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-   -   running gedit on fluxbox? (http://www.linuxquestions.org/questions/linux-newbie-8/running-gedit-on-fluxbox-123433/)

mymojo 12-07-2003 12:08 AM

running gedit on fluxbox?
 
is it possible to run gedit on fluxbox with just base system fluxbox?

Chu 12-07-2003 12:22 AM

Yeah should be, I mean I do.
Just open up a console and type gedit <path-of-filename> - It will open up gedit and your file (You already knew that?)
Have you started editting your Flux menu yet? It's really easy. In your /home/<user>/.fluxbox/ directory there's a file called menu - FInd where it says editors and add gedit :)

mymojo 12-07-2003 12:30 AM

w00t! it's the BEST editor. and yes, I have fiddled with the flux menu.. I'm MIA at the moment though, net connection probs

ps: I didn't know about that gedit thing... that's so cool!

would you have to do this too?

gedit filename.txt &

(note the &)

stuNNed 12-07-2003 01:14 AM

does anyone have any good fluxbox init scripts?

Scruff 12-07-2003 01:18 AM

Quote:

Originally posted by mymojo
w00t! it's the BEST editor. and yes, I have fiddled with the flux menu.. I'm MIA at the moment though, net connection probs

ps: I didn't know about that gedit thing... that's so cool!

would you have to do this too?

gedit filename.txt &

(note the &)

You don't have to use the &. The & is handy though, because it allows you to run that process (gedit or whatever) in the background of that terminal, leaving it free for other commands. But, if you close that term out, whatever apps you started with it will close as well. You can drop the extention (.txt) and just include the filename when starting it.

Scruff 12-07-2003 01:22 AM

Quote:

Originally posted by stuNNed
does anyone have any good fluxbox init scripts?
I'm not quite sure what you mean, but here is my .xinitrc which starts fluxbox for me:

scruff@dabasement:~$ cat .xinitrc
#!/bin/sh
# $XConsortium: xinitrc.cpp,v 1.4 91/08/22 11:41:34 rws Exp $

userresources=$HOME/.Xresources
usermodmap=$HOME/.Xmodmap
sysresources=/usr/X11R6/lib/X11/xinit/.Xresources
sysmodmap=/usr/X11R6/lib/X11/xinit/.Xmodmap

# merge in defaults and keymaps

if [ -f $sysresources ]; then
xrdb -merge $sysresources
fi

if [ -f $sysmodmap ]; then
xmodmap $sysmodmap
fi

if [ -f $userresources ]; then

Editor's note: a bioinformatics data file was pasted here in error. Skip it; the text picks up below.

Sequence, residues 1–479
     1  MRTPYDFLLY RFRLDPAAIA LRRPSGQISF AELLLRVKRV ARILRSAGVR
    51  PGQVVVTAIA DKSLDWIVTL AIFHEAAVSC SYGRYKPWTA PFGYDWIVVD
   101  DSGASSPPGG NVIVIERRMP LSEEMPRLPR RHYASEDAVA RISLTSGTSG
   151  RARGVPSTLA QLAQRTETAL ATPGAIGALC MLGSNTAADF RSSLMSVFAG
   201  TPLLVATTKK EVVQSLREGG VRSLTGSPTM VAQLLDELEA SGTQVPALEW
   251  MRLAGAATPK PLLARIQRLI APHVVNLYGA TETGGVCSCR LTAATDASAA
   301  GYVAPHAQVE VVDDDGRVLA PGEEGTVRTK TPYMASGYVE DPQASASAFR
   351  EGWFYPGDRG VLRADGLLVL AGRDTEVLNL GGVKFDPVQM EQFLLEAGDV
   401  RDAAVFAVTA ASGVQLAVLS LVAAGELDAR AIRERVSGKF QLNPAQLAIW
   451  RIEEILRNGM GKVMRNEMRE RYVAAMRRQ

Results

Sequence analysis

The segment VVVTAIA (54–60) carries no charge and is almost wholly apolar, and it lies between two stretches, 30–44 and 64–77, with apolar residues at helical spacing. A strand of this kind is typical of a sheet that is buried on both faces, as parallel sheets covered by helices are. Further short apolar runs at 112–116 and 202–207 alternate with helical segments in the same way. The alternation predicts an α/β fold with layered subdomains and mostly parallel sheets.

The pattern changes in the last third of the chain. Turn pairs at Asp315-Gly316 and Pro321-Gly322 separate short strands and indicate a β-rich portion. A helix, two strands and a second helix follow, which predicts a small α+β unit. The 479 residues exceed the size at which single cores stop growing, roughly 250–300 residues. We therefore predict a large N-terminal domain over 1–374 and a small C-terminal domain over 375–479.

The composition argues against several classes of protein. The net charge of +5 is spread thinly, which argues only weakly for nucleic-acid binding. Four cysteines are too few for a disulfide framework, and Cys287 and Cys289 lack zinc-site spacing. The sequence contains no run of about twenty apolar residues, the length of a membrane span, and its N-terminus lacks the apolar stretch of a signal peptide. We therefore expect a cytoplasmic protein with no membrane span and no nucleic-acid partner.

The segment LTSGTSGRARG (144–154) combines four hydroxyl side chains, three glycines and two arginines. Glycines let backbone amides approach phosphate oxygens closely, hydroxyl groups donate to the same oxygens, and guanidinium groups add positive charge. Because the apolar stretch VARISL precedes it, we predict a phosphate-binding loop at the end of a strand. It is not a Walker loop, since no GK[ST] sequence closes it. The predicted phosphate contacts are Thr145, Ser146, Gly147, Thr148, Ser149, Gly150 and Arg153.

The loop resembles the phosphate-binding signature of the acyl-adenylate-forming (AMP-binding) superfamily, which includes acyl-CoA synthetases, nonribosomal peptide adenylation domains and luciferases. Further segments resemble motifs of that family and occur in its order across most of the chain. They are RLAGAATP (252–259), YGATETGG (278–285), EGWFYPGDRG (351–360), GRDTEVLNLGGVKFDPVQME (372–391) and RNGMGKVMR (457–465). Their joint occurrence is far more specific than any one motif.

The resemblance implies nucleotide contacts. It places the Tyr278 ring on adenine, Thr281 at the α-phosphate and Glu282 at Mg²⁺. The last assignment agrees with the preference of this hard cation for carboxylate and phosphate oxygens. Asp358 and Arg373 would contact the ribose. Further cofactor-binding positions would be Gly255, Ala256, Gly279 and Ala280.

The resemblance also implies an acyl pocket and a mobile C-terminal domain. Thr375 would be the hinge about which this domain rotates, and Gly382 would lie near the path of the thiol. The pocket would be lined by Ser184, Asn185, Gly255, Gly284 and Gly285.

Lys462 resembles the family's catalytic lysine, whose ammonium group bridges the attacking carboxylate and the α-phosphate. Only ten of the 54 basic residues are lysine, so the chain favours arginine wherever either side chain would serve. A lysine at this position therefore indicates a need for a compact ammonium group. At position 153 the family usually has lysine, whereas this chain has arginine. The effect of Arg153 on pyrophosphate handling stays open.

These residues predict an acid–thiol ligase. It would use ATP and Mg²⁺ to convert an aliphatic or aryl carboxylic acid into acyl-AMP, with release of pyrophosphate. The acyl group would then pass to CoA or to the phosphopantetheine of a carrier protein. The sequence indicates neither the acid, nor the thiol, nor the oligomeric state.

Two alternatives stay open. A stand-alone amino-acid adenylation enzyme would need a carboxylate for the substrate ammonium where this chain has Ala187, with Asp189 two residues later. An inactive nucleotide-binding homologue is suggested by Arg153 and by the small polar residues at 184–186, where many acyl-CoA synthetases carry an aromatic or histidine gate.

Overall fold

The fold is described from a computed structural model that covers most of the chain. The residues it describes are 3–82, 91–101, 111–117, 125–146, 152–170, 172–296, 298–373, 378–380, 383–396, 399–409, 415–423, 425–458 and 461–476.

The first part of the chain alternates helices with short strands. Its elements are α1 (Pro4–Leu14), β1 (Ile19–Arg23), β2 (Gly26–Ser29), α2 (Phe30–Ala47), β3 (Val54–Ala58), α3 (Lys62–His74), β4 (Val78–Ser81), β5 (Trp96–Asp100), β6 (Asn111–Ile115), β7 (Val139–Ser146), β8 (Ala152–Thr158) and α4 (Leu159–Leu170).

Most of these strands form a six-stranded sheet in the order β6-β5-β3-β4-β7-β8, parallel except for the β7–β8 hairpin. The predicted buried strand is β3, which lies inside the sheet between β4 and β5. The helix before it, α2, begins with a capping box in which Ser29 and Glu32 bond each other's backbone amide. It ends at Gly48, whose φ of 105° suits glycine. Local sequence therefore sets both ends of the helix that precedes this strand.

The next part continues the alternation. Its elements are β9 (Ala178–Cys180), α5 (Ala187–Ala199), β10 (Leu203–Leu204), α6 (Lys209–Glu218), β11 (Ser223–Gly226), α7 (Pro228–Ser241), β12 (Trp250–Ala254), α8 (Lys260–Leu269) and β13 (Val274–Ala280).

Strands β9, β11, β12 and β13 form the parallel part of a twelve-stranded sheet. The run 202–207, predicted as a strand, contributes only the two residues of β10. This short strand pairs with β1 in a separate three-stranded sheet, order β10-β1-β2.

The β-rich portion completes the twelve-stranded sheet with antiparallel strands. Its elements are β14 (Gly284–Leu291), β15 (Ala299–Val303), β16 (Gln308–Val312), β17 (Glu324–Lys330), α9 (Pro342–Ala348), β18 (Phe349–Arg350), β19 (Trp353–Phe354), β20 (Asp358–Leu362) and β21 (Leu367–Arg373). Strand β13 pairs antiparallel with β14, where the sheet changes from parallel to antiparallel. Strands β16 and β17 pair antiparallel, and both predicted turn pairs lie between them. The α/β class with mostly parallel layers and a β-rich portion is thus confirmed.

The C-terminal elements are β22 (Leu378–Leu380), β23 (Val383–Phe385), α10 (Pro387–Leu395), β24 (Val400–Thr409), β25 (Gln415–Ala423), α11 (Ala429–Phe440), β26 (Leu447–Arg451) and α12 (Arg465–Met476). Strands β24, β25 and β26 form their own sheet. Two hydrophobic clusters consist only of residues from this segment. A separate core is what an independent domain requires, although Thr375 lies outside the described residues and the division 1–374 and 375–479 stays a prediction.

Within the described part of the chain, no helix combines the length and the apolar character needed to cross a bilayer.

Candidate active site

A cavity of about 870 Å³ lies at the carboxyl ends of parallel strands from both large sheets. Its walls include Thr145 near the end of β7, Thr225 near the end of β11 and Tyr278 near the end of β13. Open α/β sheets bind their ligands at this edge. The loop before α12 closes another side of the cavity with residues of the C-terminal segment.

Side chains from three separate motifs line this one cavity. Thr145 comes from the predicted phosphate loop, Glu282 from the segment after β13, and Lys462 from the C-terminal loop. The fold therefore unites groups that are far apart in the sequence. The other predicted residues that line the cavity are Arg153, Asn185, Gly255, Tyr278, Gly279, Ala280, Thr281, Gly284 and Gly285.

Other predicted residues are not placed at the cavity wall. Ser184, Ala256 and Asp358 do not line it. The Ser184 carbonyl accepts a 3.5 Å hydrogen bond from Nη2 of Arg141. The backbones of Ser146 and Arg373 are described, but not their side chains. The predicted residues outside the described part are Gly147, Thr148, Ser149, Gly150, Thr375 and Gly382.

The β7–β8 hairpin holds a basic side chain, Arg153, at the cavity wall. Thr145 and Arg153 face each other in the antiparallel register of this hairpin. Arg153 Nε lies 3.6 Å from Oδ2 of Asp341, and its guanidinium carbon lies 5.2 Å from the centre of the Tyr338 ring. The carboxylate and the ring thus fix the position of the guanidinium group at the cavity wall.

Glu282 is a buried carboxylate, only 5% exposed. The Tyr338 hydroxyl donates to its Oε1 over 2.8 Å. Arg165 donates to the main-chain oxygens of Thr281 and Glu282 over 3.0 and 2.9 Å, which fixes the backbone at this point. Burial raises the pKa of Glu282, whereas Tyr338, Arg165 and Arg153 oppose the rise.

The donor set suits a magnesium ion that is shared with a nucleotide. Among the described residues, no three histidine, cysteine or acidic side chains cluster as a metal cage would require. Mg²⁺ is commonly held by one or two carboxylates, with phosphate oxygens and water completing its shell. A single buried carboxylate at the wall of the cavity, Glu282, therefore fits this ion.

xrdb -merge $userresources
fi

if [ -f $usermodmap ]; then
xmodmap $usermodmap
fi

# Start the window manager:
exec /usr/X11R6/bin/fluxbox &

wmsetbg custom_shit/wallpaper/flux.jpg
gkrellm

The & after the 'start the window manager' allows the script to continue on to set my background, start gkrellm, or whatever else I want to start automatically.

mymojo 12-07-2003 07:08 AM

Quote:

Originally posted by Scruff
You don't have to use the &. The & is handy though, because it allows you to run that process (gedit or whatever) in the background of that terminal, leaving it free for other commands. But, if you close that term out, whatever apps you started with it will close as well. You can drop the extention (.txt) and just include the filename when starting it.
Ah, didn't think of that. What's a good way of starting apps then? Like, how do the desktop icons work? And the panel ones - and fluxbox menu? Is there a way to call them from the terminal, but not "run" the program through the terminal depending on them?

Scruff 12-07-2003 07:34 AM

I guess the best way to start apps is however you feel most comfortable. I have many of my favorite apps in my Flux menu, and some I start from a terminal. Sometimes I start an app in a term even when it's listed in my Fluxbox menu. Just depends on what I have going on. Personally I don't use icons. I always felt they cluttered up my desktop (even when I was using Windows) and preferred an organized menu instead. But to each his own.

Panel/icons/menus work pretty much the same way. If you right click one, you can usually see the command it runs to start whatever app their related to. Starting one this way keeps it independant of any virtual terminal you might be using. Any application started from a terminal will depend on that terminal, except for a "daemon". Daemon's are processes that become independant regardless of how they start, and continue to run in the background until stopped by whatever method: i.e. reboot, kill, etc.


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